A common question I hear from Navitas field team members as well as our customers is, “Can you tell me more about the benefits that superfoods provide?”
This is, of course, a fair and reasonable question to ask. After all, our organic superfoods are 1) ‘super’ and 2) sold at a premium price compared to some conventional alternatives. Shouldn’t our products list all their outstanding nutritional and health benefits? Don’t we want to inform our customers that these foods have high nutritional value? Let’s revisit an important distinction made in A Guide to Navitas Organics' Updated Nutrition Facts: Part 1: we are proud to offer our superfood products as food rather than supplements. This means that we display a Nutrition Facts label on our packaging, and conform to FDA Nutrient Content and Health Claim Guidelines.
Navitas Organics superfoods have some remarkable properties with regards to nutrient density, nutrient complexity and rare nutrients. They are also associated with an extensive list of impressive health benefits. However, the FDA is very clear on what can and cannot be stated about food.
For instance, nutrients that are not included on a list that the FDA recognizes (declared as Daily Values or DV%) cannot be specified as having a particular function or benefit (i.e. antioxidants including flavanols, resveratrol, ellagic acid and catechins). The only antioxidants that can be identified as such include vitamins A, C and E, and there must be a minimum of 10% recommended DV% reflected on the Nutrition Facts label to include them (more on this later). Still, nothing can be stated about the benefits of these antioxidants – only that they are contained within the food. Supplements, on the other hand, can purport almost any benefit of both nutrients and compounded products. These claims should be substantiated by scientific research but are often not. Again, referring to part one of this blog, supplements are not reviewed by the FDA for safety or effectiveness.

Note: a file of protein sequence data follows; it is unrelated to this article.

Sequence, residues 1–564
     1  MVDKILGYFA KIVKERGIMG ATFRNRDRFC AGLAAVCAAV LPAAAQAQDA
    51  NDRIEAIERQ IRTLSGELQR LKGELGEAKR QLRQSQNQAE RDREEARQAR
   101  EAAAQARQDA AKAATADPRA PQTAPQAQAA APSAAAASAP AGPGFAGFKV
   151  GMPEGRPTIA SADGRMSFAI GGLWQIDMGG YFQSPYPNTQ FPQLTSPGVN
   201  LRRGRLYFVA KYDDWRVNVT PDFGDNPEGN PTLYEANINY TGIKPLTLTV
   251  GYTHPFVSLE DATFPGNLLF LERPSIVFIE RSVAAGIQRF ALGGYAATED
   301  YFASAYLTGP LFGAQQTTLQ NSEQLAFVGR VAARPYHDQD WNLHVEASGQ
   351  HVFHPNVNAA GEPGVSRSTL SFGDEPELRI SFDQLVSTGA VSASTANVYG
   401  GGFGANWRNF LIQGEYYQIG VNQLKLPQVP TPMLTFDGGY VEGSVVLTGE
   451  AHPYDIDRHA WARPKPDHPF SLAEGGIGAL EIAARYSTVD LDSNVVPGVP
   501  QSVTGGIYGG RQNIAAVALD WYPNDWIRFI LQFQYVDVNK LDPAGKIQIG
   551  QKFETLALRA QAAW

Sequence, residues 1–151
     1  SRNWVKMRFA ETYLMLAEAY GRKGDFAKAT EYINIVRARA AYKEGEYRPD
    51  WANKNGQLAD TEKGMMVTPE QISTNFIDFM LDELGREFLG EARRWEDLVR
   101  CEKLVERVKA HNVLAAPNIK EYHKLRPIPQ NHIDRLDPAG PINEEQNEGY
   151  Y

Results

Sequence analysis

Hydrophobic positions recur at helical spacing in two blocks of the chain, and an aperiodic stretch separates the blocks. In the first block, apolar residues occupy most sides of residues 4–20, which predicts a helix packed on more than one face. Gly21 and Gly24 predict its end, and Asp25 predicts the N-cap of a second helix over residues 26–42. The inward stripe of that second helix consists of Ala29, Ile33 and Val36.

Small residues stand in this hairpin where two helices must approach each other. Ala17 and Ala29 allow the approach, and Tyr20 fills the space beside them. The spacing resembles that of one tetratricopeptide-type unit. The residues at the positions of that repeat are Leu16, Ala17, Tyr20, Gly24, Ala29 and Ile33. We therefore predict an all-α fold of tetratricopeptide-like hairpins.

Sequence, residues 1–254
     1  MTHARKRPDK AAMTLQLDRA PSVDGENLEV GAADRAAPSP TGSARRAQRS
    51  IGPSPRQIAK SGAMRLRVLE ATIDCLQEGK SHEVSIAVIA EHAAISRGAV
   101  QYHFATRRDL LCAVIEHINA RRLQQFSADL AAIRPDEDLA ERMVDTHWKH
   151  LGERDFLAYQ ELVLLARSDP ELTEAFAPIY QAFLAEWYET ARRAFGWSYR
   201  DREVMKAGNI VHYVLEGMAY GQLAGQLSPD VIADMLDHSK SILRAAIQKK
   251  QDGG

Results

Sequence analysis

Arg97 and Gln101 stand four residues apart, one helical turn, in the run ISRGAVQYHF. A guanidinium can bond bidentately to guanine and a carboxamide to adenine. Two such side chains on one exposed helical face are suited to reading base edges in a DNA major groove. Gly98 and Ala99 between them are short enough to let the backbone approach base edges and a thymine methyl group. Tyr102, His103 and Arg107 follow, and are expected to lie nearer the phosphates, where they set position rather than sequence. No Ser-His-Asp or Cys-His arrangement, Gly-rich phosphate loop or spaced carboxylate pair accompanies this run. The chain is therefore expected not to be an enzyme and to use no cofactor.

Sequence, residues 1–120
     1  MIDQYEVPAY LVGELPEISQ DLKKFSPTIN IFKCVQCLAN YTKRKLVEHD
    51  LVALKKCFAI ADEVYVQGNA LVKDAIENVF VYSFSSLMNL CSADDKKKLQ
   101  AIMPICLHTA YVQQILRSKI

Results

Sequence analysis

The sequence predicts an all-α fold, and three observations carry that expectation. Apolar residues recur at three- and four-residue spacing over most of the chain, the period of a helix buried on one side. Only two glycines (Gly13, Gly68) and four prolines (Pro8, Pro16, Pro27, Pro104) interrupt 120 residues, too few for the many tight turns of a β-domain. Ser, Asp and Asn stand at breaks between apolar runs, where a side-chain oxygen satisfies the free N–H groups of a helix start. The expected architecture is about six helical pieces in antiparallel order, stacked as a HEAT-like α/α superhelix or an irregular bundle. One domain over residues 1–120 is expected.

FDA regulation on language used to state Nutrient Content Claims is very specific. Let’s review the example, “Hemp Seeds contain high amounts of omega fatty acids.” Other than declaring the presence of omegas, nothing can be said about their well-researched anti-inflammatory or brain health properties. We recognize that many of our customers want to better understand how nutrients might provide specific benefits, but it is simply not permitted by the FDA.
Furthermore, since omega fatty acids are not included on the list of the FDA’s recognized nutrients (DV%s), the term “high amounts” cannot be used. Omegas, flavanols, resveratrol and other similar nutrients can only be stated as a quantified fact, such as “contains 1200mg of Omega-3.” Otherwise, similar content claims made about FDA-recognized nutrients must meet certain criteria and use very specific language.
Take the claim, “Navitas Organics Goji Berries contain high amounts of Vitamin A,” for example.
A "good source" claim may be made when a food contains 10-19% of the RDI or DRV [both declared on the label as the % Daily Value (%DV)]. A "high" claim may be made when a food contains at least 20% of the DV. (Source: FDA.gov).
Our Goji Berries contain 140% DV; therefore, this claim satisfies the FDA “high amount” criteria.
In many ways, choosing to classify our superfoods as food (and following the FDA guidelines) limits how we’re able to talk about them. However, we strongly believe that it is the right decision. We both honor the foods and our customers by being honest, transparent and compliant, and by sticking to valid, substantiated claims that do not oversell the purported health benefits of our products.
Superfoods are food. We encourage our customers to explore and experiment with our superfoods, and to step away from the lure of bold health claims and intimidating nutrition jargon. We hope that our new packaging helps tell the story of these fascinating foods and inspires healthy living and positivity.